Pay to be a Guest on Podcast

Should You Pay to Be a Guest on Someone’s Podcast?

Being a guest on a podcast has the potential to get your name or brand out to a larger audience. The idea is that it could lead to greater income for you or at least bring awareness. But should you pay for the privilege of accessing someone else’s audience?

The short answer is a resounding, NO.

It’s much like paying someone to review your book. There are no guarantees that such an interaction would benefit you and it could have the opposite effect.

It’s a Mutual Benefit

The podcaster should know his or her audience. Having a guest on the show should resonate with those viewers or listeners. That means the podcaster is already benefiting from the interaction.

Essentially, you’re helping the host solidify engagement while increasing the likelihood of the individual making more money. It’s all about those ad dollars at work.

Plus, there is a good chance you’re bringing some of your audience along for the ride. There are a lot of people who would follow you on various platforms just to watch you. At that point, you’re helping the podcaster potentially gain a few new subscribers.

That means you’re essentially promoting each other. So, should you charge the podcaster for access to your audience?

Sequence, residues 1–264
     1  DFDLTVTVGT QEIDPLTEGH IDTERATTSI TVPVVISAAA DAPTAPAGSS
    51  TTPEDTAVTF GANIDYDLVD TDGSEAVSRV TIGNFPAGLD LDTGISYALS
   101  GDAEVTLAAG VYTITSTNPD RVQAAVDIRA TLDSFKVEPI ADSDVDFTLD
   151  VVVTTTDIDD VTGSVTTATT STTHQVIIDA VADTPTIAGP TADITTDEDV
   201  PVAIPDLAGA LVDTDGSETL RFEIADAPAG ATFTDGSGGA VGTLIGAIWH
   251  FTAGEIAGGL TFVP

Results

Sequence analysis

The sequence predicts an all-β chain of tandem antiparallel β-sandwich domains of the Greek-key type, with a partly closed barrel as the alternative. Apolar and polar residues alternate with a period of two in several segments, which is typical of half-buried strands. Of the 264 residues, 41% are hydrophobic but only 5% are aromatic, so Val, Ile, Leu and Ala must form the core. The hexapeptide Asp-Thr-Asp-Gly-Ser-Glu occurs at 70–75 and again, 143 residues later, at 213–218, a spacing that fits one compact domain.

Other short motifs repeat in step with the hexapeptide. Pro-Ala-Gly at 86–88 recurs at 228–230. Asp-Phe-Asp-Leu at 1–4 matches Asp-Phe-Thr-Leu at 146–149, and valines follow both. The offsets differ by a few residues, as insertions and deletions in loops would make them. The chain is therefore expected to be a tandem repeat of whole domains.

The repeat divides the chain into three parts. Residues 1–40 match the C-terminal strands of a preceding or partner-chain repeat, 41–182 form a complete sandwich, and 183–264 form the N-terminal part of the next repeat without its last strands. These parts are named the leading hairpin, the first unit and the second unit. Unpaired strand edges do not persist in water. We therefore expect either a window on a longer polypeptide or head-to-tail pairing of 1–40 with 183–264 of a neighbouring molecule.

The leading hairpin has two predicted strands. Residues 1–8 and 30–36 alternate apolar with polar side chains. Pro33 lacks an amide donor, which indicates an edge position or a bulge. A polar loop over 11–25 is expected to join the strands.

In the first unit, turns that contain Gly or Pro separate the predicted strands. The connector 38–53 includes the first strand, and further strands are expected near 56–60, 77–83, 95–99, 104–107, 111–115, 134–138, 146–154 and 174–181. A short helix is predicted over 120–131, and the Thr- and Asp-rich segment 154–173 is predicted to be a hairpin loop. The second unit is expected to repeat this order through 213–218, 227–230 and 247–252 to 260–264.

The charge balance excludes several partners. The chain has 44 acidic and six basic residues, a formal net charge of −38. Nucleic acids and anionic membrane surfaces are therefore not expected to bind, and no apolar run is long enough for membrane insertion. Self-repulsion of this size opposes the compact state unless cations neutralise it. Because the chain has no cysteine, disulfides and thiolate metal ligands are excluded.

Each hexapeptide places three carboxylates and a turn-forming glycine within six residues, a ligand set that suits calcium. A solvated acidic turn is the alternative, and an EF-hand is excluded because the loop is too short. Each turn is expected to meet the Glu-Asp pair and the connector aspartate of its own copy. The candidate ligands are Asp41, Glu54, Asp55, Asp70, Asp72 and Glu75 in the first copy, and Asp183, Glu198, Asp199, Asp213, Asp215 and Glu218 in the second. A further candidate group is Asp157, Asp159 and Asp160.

The bottom line is that having a guest on your podcast is a mutual net positive. It’s a collaboration between you to share audiences and expand both reaches.

But I would have to argue that the guest is getting the short end of the stick.

See, as a podcaster, the guest is helping you make content. You’re not losing anything out of your time as the interview is part of the show. However, it’s taking time away from the guest’s day he or she could have used for their own craft.

For instance, if you wanted me on a show for an hour, that is about 1500 words I could have written in my next book or a blog post. And then you want to charge me on top of burning time in my day while having access to my audience?

But, Being a Guest on a Podcast is Advertising

Those who support charging guests to be on a podcast will argue that it’s an “advertising expense.” There’s no doubt that good publicity can work wonders for any individual, brand, or business.

I could then say that having me on your show is a “content expense” and that you should pay me for the time. After all, you’re the one guaranteeing content to your audience in the form of my presence, right?

You cannot force people to buy a product, follow an individual, or subscribe to a channel. As I said, there is no guarantee that showing up on someone’s podcast is going to result in a slew of book sales.

But to play Devil’s Advocate, neither does paying for pay-per-click ads on Amazon, Facebook, or Google. On the other side of that coin, though, PPC ads are usually far less expensive than what some of these podcasters are charging.

Not to mention taking less of your time overall.

Perhaps the biggest difference between PPC ads and being on a podcast is your ability to fine-tune the recipient of those advertisements. You have a far better chance of getting ads for your product in front of interested parties on something like Facebook than you would on a podcast.

This is thanks to things like keywords, phrases, focused demographics, and more options that are available in a PPC campaign.